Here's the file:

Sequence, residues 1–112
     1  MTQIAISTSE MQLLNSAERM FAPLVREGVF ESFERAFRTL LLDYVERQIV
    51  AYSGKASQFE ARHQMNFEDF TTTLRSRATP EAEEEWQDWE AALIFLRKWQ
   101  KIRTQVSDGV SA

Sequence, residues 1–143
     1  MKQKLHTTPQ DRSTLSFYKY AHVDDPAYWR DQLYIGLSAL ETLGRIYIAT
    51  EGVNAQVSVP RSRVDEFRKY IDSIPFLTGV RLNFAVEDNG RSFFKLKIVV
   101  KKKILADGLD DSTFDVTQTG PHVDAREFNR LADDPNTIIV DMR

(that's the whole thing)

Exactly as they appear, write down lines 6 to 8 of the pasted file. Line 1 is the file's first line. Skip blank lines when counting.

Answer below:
     1  MKQKLHTTPQ DRSTLSFYKY AHVDDPAYWR DQLYIGLSAL ETLGRIYIAT
    51  EGVNAQVSVP RSRVDEFRKY IDSIPFLTGV RLNFAVEDNG RSFFKLKIVV
   101  KKKILADGLD DSTFDVTQTG PHVDAREFNR LADDPNTIIV DMR